Bush’s Iraq strategies

Our troops have surged, but even the Pentagon admits that violence has surged, too.
Sunday, July 22, 2007 | 12:00 a.m. CDT; updated 3:43 p.m. CDT, Tuesday, July 22, 2008

I once belonged to the Book of the Month Club, as well as the Beer of the Month Club — but, I tell you, one thing I can’t subscribe to is George W.’s Iraq Strategy of the Month Club.

The original strategy was to find weapons of mass destruction. That failed. Then there was the “Bring Democracy to Iraq” strategy, which has also failed in a blitzkrieg of theocracy, sectarian hatred and civil war. Next came the “we’ll stand down as they stand up” strategy, which looked good on paper but, alas, the Iraqi troops have not shown up, much less stood up. But wait, cried Mr. Bush, I’ve got another new strategy. We’ll “surge” 20,000 more U.S. troops into Iraq, concentrate them in Baghdad to stop the violence there and then somehow we’ll “win.” Well, our troops have surged, but even the Pentagon admits that the violence has surged, too. Concentrating on Baghdad only spread the killing to the rest of the country and produced a spike in the killing of American soldiers. And now the violence is rising again.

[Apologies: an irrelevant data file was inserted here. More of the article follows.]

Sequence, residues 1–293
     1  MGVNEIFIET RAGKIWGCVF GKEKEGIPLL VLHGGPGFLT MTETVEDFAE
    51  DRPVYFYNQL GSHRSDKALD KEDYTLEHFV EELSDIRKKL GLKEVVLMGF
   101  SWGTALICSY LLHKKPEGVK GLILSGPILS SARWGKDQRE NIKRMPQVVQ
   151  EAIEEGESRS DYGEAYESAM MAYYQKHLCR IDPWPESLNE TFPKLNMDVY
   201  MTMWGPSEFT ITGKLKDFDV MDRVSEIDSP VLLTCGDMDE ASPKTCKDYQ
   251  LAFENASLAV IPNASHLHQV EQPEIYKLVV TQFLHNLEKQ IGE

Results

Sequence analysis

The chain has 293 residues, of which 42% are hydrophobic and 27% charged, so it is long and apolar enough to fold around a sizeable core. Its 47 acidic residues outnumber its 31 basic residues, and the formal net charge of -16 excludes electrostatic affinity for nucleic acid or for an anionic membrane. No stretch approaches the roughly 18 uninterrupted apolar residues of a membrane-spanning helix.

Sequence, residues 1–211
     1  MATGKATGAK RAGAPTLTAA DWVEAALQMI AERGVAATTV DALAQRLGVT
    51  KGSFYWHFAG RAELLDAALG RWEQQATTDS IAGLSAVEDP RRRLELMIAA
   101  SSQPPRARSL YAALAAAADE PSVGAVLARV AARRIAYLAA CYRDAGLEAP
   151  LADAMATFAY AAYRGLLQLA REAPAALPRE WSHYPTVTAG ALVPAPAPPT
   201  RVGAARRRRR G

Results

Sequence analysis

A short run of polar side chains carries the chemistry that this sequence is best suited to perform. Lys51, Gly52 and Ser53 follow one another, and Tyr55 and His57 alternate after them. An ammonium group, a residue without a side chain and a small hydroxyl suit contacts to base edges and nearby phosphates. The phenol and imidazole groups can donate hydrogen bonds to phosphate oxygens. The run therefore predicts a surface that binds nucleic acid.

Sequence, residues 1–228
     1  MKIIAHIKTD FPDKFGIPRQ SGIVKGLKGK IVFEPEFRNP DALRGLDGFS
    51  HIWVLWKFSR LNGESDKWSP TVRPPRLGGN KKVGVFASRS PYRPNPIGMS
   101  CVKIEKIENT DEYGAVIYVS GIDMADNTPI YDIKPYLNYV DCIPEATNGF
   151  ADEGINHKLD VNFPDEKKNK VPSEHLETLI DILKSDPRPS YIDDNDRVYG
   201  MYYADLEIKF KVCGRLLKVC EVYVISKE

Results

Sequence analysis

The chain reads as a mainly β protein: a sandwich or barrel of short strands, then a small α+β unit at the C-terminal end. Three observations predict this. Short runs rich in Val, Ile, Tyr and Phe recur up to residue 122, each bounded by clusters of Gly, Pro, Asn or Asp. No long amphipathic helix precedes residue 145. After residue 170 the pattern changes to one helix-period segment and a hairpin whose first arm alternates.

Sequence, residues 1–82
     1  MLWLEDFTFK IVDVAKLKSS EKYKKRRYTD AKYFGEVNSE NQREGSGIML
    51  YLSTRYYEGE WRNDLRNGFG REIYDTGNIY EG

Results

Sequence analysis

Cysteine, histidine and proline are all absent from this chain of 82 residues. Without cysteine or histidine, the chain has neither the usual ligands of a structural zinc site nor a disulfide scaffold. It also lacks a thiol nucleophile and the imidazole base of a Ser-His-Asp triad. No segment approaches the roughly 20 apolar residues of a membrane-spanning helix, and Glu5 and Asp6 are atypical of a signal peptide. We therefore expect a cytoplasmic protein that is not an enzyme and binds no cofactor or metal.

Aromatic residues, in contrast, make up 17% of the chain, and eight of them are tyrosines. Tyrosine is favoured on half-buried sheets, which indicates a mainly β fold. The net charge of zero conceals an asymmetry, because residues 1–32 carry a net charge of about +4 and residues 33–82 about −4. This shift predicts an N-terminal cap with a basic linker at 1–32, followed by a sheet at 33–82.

So, yet another policy shift is presently spinning out of the White House. This latest one is Mr. Bush’s Korean strategy. Instead of hoping for quick results from his old surge, he now says we must settle into Iraq for the long haul, stationing maybe 50,000 troops there more or less permanently, just as we’ve done in South Korea.

Now even Republicans aren’t joining his Strategy of the Month Club, and their candidates are fleeing from his war. Rudy Giuliani, the GOP’s presidential frontrunner who’s posing as Mr. Tough on Terrorism, listed the Big 12 issues of his campaign — and Iraq didn’t even make the list. Asked about this, Rudy the Tough Guy weakly said: “We may be successful in Iraq; we may not be. I don’t know the answer to that. That’s in the hands of other people.” Yeah — such other people as voters.


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